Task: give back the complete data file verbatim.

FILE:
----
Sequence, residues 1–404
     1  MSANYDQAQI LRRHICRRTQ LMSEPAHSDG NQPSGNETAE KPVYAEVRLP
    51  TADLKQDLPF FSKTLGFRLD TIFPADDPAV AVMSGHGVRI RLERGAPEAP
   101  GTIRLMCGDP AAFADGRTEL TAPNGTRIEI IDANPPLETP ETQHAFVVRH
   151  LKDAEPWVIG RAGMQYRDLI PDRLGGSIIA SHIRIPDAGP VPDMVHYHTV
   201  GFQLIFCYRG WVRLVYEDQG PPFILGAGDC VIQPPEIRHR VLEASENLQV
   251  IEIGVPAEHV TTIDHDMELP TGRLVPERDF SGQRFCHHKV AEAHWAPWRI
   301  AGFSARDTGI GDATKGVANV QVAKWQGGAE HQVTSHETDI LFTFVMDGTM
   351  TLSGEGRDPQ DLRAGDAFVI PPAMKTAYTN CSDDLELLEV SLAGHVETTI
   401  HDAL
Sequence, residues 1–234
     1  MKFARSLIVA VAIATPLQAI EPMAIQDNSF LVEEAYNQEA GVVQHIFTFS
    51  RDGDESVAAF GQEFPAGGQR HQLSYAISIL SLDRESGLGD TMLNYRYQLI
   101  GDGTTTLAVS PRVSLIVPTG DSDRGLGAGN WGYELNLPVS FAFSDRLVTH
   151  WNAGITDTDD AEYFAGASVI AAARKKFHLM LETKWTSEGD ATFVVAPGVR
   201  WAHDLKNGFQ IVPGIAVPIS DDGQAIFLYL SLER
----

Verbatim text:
Sequence, residues 1–404
     1  MSANYDQAQI LRRHICRRTQ LMSEPAHSDG NQPSGNETAE KPVYAEVRLP
    51  TADLKQDLPF FSKTLGFRLD TIFPADDPAV AVMSGHGVRI RLERGAPEAP
   101  GTIRLMCGDP AAFADGRTEL TAPNGTRIEI IDANPPLETP ETQHAFVVRH
   151  LKDAEPWVIG RAGMQYRDLI PDRLGGSIIA SHIRIPDAGP VPDMVHYHTV
   201  GFQLIFCYRG WVRLVYEDQG PPFILGAGDC VIQPPEIRHR VLEASENLQV
   251  IEIGVPAEHV TTIDHDMELP TGRLVPERDF SGQRFCHHKV AEAHWAPWRI
   301  AGFSARDTGI GDATKGVANV QVAKWQGGAE HQVTSHETDI LFTFVMDGTM
   351  TLSGEGRDPQ DLRAGDAFVI PPAMKTAYTN CSDDLELLEV SLAGHVETTI
   401  HDAL
Sequence, residues 1–234
     1  MKFARSLIVA VAIATPLQAI EPMAIQDNSF LVEEAYNQEA GVVQHIFTFS
    51  RDGDESVAAF GQEFPAGGQR HQLSYAISIL SLDRESGLGD TMLNYRYQLI
   101  GDGTTTLAVS PRVSLIVPTG DSDRGLGAGN WGYELNLPVS FAFSDRLVTH
   151  WNAGITDTDD AEYFAGASVI AAARKKFHLM LETKWTSEGD ATFVVAPGVR
   201  WAHDLKNGFQ IVPGIAVPIS DDGQAIFLYL SLER